Enzymes in Dementia: EU Awards around 2.5 Million Euros for German Research Project

Biophysicist Markus Zweckstetter seeks to unravel the action of enzymes in Alzheimer’s disease

Göttingen/Germany, April 15, 2024. Prof. Markus Zweckstetter from DZNE’s Göttingen site has been awarded around 2.5 million euros for research into biomolecular mechanisms involved in Alzheimer’s disease. Specifically, his studies will focus on so-called kinases, a special class of enzymes. From the five-year research project, the Göttingen biophysicist and his team aim to gain insights for the development of new drugs. The investigations will be conducted in close collaboration with the Max Planck Institute for Multidisciplinary Sciences (MPI-NAT). The funding is provided by the European Research Council (ERC) through of a prestigious “Advanced Grant”.

In the course of Alzheimer’s disease, so-called tau proteins separate from the molecular scaffolding that stabilizes neurons, which ultimately leads to their degeneration. The detachment process is associated with a chemical reaction that links the tau proteins to phosphate groups. “This abnormal phosphorylation is a central process in Alzheimer’s disease. With our research project, we aim to gain a better understanding of this process and thus pave the way for drugs that target precisely this process,” explains Markus Zweckstetter.

Dynamic structures

Phosphorylation is triggered by special enzymes called “kinases”: this is why they are the focus of the current project. These are complex molecules that consist of tens of thousands of atoms and form very dynamic structures. In other words: a kinase is by no means static, its shape can change – which in turn influences its action. “These reaction kinetics and the way in which these macromolecules change their shape are not well understood. We intend to investigate this with atomic precision. To this end, we use so-called NMR spectroscopy,” says Zweckstetter. A key aspect of the project is therefore the collaboration with the MPI-NAT, which operates several high-performance NMR spectrometers. Zweckstetter is the connecting link between the two institutions, as he is a research group leader at both the DZNE and the MPI-NAT.

Tiny droplets

The biophysicist suspects that a phenomenon called “liquid-liquid phase separation” is crucial for the behavior of kinases and their effect on tau proteins. “Numerous such enzymes engage with so-called condensates. These are tiny droplets, so to speak, that float around in the cytosol. It’s similar to oil bubbles in a vinaigrette,” says Zweckstetter. “Within these droplets there is a specific chemical-physical environment that influences the behavior of the kinases. That’s the central idea I’m working from. And that’s why we aim to elucidate the interaction between the environment in the condensates and the effect of the enzymes.”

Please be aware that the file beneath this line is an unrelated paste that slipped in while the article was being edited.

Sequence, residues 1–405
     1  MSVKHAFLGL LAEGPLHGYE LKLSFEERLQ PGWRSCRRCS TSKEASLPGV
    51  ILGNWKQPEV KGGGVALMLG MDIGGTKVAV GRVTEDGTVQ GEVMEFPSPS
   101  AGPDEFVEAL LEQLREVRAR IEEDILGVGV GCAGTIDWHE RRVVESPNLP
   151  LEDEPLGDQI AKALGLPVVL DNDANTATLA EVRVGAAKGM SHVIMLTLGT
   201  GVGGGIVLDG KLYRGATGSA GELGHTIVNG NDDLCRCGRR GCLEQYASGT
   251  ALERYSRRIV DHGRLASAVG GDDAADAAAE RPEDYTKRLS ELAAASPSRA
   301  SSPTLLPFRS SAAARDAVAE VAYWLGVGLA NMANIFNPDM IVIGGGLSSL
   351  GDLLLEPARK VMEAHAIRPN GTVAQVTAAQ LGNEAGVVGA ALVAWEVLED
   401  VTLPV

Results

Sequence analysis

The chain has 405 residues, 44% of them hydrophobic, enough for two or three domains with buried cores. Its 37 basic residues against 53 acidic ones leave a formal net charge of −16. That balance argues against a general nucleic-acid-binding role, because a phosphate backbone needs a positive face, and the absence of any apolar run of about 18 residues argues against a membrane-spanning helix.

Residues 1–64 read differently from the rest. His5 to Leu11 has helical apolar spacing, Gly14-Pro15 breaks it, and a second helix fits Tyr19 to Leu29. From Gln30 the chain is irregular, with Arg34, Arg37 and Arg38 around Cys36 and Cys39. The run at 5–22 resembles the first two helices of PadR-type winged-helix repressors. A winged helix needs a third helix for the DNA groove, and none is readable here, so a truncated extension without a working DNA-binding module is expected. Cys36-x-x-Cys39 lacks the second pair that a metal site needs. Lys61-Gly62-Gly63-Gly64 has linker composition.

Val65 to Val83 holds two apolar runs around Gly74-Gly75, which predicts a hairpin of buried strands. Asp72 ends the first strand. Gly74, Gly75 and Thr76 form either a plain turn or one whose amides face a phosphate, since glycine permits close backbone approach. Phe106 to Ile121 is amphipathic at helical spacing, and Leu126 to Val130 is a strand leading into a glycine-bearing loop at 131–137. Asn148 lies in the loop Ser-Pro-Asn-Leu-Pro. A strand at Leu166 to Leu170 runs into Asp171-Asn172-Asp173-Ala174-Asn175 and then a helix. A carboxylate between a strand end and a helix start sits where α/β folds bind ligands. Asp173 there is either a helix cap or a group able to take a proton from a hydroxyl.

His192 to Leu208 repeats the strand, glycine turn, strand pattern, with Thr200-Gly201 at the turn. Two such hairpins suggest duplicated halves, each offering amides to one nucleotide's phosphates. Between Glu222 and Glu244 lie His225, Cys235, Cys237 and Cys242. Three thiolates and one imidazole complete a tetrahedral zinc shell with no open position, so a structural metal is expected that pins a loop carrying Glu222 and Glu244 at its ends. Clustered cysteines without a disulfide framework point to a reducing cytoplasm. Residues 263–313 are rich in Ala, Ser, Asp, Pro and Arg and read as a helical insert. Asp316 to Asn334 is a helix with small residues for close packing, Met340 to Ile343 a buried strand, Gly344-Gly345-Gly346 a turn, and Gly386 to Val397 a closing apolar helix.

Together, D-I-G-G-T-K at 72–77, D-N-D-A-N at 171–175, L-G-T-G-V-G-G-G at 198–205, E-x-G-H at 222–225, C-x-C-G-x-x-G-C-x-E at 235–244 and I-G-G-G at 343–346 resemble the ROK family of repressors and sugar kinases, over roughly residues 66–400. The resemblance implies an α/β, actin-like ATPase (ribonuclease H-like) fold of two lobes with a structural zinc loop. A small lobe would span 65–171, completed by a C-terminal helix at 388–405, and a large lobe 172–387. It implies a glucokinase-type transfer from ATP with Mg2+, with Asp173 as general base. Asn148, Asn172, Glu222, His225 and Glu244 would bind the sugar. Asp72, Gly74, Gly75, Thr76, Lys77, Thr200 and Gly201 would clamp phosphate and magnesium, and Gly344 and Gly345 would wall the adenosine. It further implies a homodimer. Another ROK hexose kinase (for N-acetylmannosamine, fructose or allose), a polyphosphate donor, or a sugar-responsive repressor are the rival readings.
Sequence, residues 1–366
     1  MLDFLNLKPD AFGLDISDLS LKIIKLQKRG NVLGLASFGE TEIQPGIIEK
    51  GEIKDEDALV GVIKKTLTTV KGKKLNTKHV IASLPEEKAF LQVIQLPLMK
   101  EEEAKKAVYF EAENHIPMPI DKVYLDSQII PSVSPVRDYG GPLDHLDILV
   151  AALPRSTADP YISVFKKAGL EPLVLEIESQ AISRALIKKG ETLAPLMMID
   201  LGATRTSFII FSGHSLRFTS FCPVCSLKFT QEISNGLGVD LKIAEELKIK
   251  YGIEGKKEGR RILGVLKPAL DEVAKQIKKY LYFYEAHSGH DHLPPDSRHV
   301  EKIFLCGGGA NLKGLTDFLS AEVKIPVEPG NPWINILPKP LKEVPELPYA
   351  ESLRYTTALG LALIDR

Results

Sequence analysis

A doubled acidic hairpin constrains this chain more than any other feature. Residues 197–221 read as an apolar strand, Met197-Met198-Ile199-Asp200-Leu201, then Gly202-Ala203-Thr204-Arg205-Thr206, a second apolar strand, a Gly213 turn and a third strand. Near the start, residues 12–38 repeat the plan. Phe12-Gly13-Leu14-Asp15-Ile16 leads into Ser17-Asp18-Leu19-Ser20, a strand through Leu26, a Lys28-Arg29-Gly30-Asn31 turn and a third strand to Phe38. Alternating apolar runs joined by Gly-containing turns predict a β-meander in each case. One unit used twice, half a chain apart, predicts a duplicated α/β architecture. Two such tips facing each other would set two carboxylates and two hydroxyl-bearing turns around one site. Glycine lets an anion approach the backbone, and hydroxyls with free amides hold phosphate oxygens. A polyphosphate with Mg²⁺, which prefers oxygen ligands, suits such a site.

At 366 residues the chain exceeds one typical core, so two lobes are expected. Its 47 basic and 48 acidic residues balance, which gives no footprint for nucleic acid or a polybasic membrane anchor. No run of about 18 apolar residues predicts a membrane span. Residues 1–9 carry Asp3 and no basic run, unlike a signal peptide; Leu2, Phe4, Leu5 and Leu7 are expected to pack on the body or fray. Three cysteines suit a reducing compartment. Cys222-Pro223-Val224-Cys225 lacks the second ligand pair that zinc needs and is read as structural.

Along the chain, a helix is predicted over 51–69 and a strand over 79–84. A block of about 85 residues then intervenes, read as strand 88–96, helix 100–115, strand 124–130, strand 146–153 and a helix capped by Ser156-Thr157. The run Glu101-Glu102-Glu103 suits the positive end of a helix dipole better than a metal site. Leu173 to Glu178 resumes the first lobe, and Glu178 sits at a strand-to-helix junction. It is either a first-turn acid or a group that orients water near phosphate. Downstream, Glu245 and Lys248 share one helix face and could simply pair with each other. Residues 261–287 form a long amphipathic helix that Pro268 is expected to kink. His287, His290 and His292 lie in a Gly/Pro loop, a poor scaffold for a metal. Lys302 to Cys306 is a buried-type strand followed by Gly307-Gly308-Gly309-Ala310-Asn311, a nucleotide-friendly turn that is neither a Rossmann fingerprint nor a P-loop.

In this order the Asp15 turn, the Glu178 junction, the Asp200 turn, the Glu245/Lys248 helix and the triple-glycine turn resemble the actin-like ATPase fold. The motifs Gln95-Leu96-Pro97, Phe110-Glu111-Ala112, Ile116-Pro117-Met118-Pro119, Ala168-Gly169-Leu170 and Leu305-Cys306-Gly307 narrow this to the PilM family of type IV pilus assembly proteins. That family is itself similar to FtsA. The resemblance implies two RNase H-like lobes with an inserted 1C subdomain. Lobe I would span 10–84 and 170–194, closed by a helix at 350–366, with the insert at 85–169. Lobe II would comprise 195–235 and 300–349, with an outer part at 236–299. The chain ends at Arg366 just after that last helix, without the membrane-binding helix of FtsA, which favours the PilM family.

Curbing enzymes

According to Zweckstetter, one obvious therapeutic approach is to reduce the effect of the kinases using appropriate drugs. “Although such inhibitors already exist, they are not sufficiently effective or not tolerated well enough to be used in therapy. In order to develop appropriate drugs, we need to better understand the function of these kinases. With our project, we are therefore aiming for a real leap in knowledge. That is an ambitious objective. But given our experience, staff and state-of-the-art measurement technology, we are well positioned for achieving this goal.”

About the Deutsches Zentrum für Neurodegenerative Erkrankungen, DZNE (German Center for Neurodegenerative Diseases): DZNE is a research institute for neurodegenerative diseases such as Alzheimer’s, Parkinson’s and ALS, which are associated with dementia, movement disorders and other serious health impairments. To date, there are no cures for these diseases, which represent an enormous burden for countless affected individuals, their families, and the healthcare system. The aim of DZNE is to develop novel strategies for prevention, diagnosis, care, as well as treatment, and to transfer them into practice. DZNE comprises ten sites across Germany, it cooperates with universities, university hospitals, research centers and other institutions in Germany and abroad. It is a member of the Helmholtz Association and of the German Centers for Health Research.

Media relations

Dr. Marcus Neitzert
+49 228 43302-267

Welcome to our website, here you can inform yourself basically cookie-free.

We would be pleased if you would allow a cookie to be set for analysis purposes in order to optimise our provided information. All data are pseudonymous and are only used by the DZNE. We deliberately avoid third-party cookies. You can deselect this setting at any time here.

Your browser allows the setting of cookies: